September 23rd, 2016

How to Avoid Having a ‘Train Wreck’ at the F-Class Nationals

train wreck Bryan Litz shooting tips ballistics

Today is practice day for the Mid-Range F-Class Nationals, which commence bright and early tomorrow morning in Lodi, Wisconsin. In any shooting competition, you must try to avoid major screw-ups that can ruin your day (or your match). In this article, reigning F-TR National Mid-Range and Long Range Champion Bryan Litz talks about “Train Wrecks”, i.e. those big disasters (such as equipment failures) that can ruin a whole match. Bryan illustrates the types of “train wrecks” that commonly befall competitors, and he explains how to avoid these “unmitigated disasters”.

Urban Dictionary “Train Wreck” Definition: “A total @#$&! disaster … the kind that makes you want to shake your head.”

train wreck Bryan Litz shooting tips ballisticsTrain Wrecks (and How to Avoid Them)
by Bryan Litz of Applied Ballistics LLC.

Success in long range competition depends on many things. Those who aspire to be competitive are usually detail-oriented, and focused on all the small things that might give them an edge. Unfortunately it’s common for shooters lose sight of the big picture — missing the forest for the trees, so to speak.

Consistency is one of the universal principles of successful shooting. The tournament champion is the shooter with the highest average performance over several days, often times not winning a single match. While you can win tournaments without an isolated stellar performance, you cannot win tournaments if you have a single train wreck performance. And this is why it’s important for the detail-oriented shooter to keep an eye out for potential “big picture” problems that can derail the train of success!

Train wrecks can be defined differently by shooters of various skill levels and categories. Anything from problems causing a miss, to problems causing a 3/4-MOA shift in wind zero can manifest as a train wreck, depending on the kind of shooting you’re doing.

Below is a list of common Shooting Match Train Wrecks, and suggestions for avoiding them.

1. Cross-Firing. The fastest and most common way to destroy your score (and any hopes of winning a tournament) is to cross-fire. The cure is obviously basic awareness of your target number on each shot, but you can stack the odds in your favor if you’re smart. For sling shooters, establish your Natural Point of Aim (NPA) and monitor that it doesn’t shift during your course of fire. If you’re doing this right, you’ll always come back on your target naturally, without deliberately checking each time. You should be doing this anyway, but avoiding cross-fires is another incentive for monitoring this important fundamental. In F-Class shooting, pay attention to how the rifle recoils, and where the crosshairs settle. If the crosshairs always settle to the right, either make an adjustment to your bipod, hold, or simply make sure to move back each shot. Also consider your scope. Running super high magnification can leave the number board out of the scope’s field view. That can really increase the risk of cross-firing.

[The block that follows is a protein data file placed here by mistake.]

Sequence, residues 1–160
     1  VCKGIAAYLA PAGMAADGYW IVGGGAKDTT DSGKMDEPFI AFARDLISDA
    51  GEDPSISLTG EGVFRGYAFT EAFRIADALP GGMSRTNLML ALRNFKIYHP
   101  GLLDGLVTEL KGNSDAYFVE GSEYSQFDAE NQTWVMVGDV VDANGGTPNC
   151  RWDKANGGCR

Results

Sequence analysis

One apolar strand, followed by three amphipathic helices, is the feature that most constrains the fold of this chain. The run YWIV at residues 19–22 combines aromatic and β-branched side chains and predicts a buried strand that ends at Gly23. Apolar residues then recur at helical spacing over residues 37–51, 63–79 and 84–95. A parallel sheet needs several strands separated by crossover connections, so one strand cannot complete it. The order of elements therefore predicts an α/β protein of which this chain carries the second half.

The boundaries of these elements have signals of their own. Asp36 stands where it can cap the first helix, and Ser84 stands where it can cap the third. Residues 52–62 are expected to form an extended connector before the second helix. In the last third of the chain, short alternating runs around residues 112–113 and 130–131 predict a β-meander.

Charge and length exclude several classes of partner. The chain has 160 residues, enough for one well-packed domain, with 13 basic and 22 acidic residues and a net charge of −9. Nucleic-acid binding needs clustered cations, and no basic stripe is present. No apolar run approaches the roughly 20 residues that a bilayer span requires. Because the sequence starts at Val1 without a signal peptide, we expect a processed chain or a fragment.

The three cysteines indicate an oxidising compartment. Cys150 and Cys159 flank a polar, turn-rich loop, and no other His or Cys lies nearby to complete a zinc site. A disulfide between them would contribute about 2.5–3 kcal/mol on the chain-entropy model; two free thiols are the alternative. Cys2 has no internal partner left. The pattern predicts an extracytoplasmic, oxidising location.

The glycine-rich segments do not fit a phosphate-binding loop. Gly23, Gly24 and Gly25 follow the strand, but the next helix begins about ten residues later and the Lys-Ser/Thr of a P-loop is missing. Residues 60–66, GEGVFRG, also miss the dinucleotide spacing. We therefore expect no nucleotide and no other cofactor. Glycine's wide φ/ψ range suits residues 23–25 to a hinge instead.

2. Equipment Failure. There are a wide variety of equipment failures you may encounter at a match, from loose sight fasteners, to broken bipods, to high-round-count barrels that that suddenly “go south” (just to mention a few possibilities). Mechanical components can and do fail. The best policy is to put some thought into what the critical failure points are, monitor wear of these parts, and have spares ready. This is where an ounce of prevention can prevent a ton of train wreck. On this note, if you like running hot loads, consider whether that extra 20 fps is worth blowing up a bullet (10 points), sticking a bolt (DNF), or worse yet, causing injury to yourself or someone nearby.

train wreck Bryan Litz shooting tips ballistics

[Editor’s Note: The 2016 F-Class Nationals will employ electronic targets so conventional pit duties won’t be required. However, the following advice does apply for matches with conventional targets.]

3. Scoring/Pit Malfunction. Although not related to your shooting technique, doing things to insure you get at least fair treatment from your scorer and pit puller is a good idea. Try to meet the others on your target so they can associate a face with the shooter for whom they’re pulling. If you learn your scorer is a Democrat, it’s probably best not to tell Obama jokes before you go for record. If your pit puller is elderly, it may be unwise to shoot very rapidly and risk a shot being missed (by the pit worker), or having to call for a mark. Slowing down a second or two between shots might prevent a 5-minute delay and possibly an undeserved miss.